Crime issue bedevils Holden in election year
In politics as in war, to borrow a phrase from a former U.S. Secretary of Defense, there are known knowns and known unknowns.
Kip Holden will be dealing with the latter as he seeks a third term as mayor-president in the November election, and the known unknowns involve crime.
It's yet unknown how many people will be shot to death in a long hot summer in Baton Rouge. But it is a known unknown, because it's going to happen. Newspaper stories and television reports about crime will punctuate the summer months of the mayor's re-election campaign.
In his official campaign kickoff recently, the mayor told supporters that homicides in Baton Rouge decreased in the past two years and overall violent crime is down.
"These are the official statistics collected by the F (pause) B (pause) I (stress, pause)," the mayor said.
Nevertheless, Holden acknowledged that violence in city streets is an issue in the campaign. It is the issue most often focused on by the mayor's major opponent, the term-limited head of the Metro Council, Mike Walker.
Walker is a Republican and Holden is a Democrat, but they were allies for most of the mayor's eight years in office.
However, an ongoing split between the mayor and many members of the Metro Council has provoked dissension in city hall at levels not seen in years.
Still, Holden was elected to a second term in 2008 with 71 percent of the vote. While he almost certainly won't reach that level next time, he remains the favorite in the election.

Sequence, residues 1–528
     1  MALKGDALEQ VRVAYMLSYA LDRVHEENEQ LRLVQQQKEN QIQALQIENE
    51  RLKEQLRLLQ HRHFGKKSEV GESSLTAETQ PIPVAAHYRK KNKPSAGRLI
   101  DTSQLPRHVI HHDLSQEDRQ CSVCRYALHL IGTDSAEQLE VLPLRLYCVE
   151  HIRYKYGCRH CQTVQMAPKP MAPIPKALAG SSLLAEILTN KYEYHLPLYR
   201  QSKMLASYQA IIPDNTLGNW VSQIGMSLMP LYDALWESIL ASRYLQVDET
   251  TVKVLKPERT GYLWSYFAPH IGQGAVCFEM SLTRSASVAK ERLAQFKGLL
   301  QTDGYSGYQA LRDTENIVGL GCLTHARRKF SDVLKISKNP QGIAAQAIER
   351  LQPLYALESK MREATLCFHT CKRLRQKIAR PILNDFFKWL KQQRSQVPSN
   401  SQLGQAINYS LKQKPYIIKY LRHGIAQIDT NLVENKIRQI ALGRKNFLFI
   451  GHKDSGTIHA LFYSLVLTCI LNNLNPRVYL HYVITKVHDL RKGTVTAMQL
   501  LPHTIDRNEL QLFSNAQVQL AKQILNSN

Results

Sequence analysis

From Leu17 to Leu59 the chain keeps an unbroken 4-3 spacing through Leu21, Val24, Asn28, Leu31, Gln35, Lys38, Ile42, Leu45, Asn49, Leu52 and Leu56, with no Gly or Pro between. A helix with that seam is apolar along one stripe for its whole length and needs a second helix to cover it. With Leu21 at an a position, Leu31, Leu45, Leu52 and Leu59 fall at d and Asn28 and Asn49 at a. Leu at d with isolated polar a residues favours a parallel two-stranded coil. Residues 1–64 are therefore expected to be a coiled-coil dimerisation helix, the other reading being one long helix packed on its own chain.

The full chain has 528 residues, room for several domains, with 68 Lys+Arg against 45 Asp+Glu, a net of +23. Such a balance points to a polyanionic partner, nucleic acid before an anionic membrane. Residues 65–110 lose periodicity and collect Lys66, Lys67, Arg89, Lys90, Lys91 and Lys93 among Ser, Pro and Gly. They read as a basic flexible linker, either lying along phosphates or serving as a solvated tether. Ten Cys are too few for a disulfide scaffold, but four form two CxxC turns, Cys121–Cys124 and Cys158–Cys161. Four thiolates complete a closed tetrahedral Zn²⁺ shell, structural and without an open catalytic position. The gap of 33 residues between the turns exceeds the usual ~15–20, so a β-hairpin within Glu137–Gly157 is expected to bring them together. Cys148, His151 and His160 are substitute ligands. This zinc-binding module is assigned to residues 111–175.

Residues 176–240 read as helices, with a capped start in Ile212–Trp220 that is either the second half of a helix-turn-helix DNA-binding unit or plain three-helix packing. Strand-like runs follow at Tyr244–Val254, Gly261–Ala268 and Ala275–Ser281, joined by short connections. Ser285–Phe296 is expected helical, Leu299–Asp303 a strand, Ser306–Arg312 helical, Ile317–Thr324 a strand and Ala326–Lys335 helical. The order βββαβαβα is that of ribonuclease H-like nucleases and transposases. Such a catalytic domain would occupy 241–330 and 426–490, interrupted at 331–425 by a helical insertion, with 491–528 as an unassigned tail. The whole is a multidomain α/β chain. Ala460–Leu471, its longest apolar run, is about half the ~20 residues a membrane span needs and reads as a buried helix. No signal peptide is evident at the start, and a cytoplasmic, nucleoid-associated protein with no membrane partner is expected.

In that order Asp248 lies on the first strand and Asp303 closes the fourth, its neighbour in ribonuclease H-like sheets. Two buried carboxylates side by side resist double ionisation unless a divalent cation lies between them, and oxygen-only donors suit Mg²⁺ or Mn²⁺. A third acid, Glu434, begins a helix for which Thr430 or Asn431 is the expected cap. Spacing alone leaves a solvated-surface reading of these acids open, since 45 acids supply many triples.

The mayor's discussion of his first two terms addressed issues other than crime.
But the city's first black mayor, who personally rose by his bootstraps to community leadership, talked about the scourge of crime in the black community with particular fervor.
Four out of five victims of homicide in the parish are black males under age 30, and most of the perpetrators young black men of an average of 23, the mayor said.
The mayor defended his record, noting new initiatives to combat crime in neighborhoods and to create more effective anti-truancy efforts, to deal with juveniles in trouble before they cause trouble.
"Without education, we are back in that cycle of crime," Holden said.
In political terms, being an incumbent mayor gives Holden advantages over challengers, in that he can put specific programs on the table.
Holden said that 93 percent of a recent supplemental budget request to the Metro Council would be for public safety, including the second police academy class to be held in the last 12 months.
Public safety is the administration's top priority, Holden said.
"Always was, always will be," he added.
The known unknowns of summer crime surely will have some effect on the mayoral race. But the coiner of that phrase, former U.S. Defense Secretary Donald Rumsfeld, also famously said that a nation goes to war with the army that it has.
A mayor seeks re-election on a schedule, every four years, with the record that he has.
Holden clearly plans to make the most of the record that he has.
Lanny Keller is an editorial writer for The Advocate. His email address is firstname.lastname@example.org.